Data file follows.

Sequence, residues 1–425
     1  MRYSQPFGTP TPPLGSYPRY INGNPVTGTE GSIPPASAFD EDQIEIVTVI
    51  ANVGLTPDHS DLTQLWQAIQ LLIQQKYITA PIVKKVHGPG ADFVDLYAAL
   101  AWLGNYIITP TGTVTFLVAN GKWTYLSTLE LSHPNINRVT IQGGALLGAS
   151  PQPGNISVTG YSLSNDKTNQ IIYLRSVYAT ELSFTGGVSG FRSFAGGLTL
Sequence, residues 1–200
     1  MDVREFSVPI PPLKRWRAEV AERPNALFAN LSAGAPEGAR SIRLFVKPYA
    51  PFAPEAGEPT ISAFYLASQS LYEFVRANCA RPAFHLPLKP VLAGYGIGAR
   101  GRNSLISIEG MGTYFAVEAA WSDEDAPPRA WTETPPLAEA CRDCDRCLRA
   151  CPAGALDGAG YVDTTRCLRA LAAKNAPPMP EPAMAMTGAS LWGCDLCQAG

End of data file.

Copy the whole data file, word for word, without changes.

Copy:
Sequence, residues 1–425
     1  MRYSQPFGTP TPPLGSYPRY INGNPVTGTE GSIPPASAFD EDQIEIVTVI
    51  ANVGLTPDHS DLTQLWQAIQ LLIQQKYITA PIVKKVHGPG ADFVDLYAAL
   101  AWLGNYIITP TGTVTFLVAN GKWTYLSTLE LSHPNINRVT IQGGALLGAS
   151  PQPGNISVTG YSLSNDKTNQ IIYLRSVYAT ELSFTGGVSG FRSFAGGLTL
Sequence, residues 1–200
     1  MDVREFSVPI PPLKRWRAEV AERPNALFAN LSAGAPEGAR SIRLFVKPYA
    51  PFAPEAGEPT ISAFYLASQS LYEFVRANCA RPAFHLPLKP VLAGYGIGAR
   101  GRNSLISIEG MGTYFAVEAA WSDEDAPPRA WTETPPLAEA CRDCDRCLRA
   151  CPAGALDGAG YVDTTRCLRA LAAKNAPPMP EPAMAMTGAS LWGCDLCQAG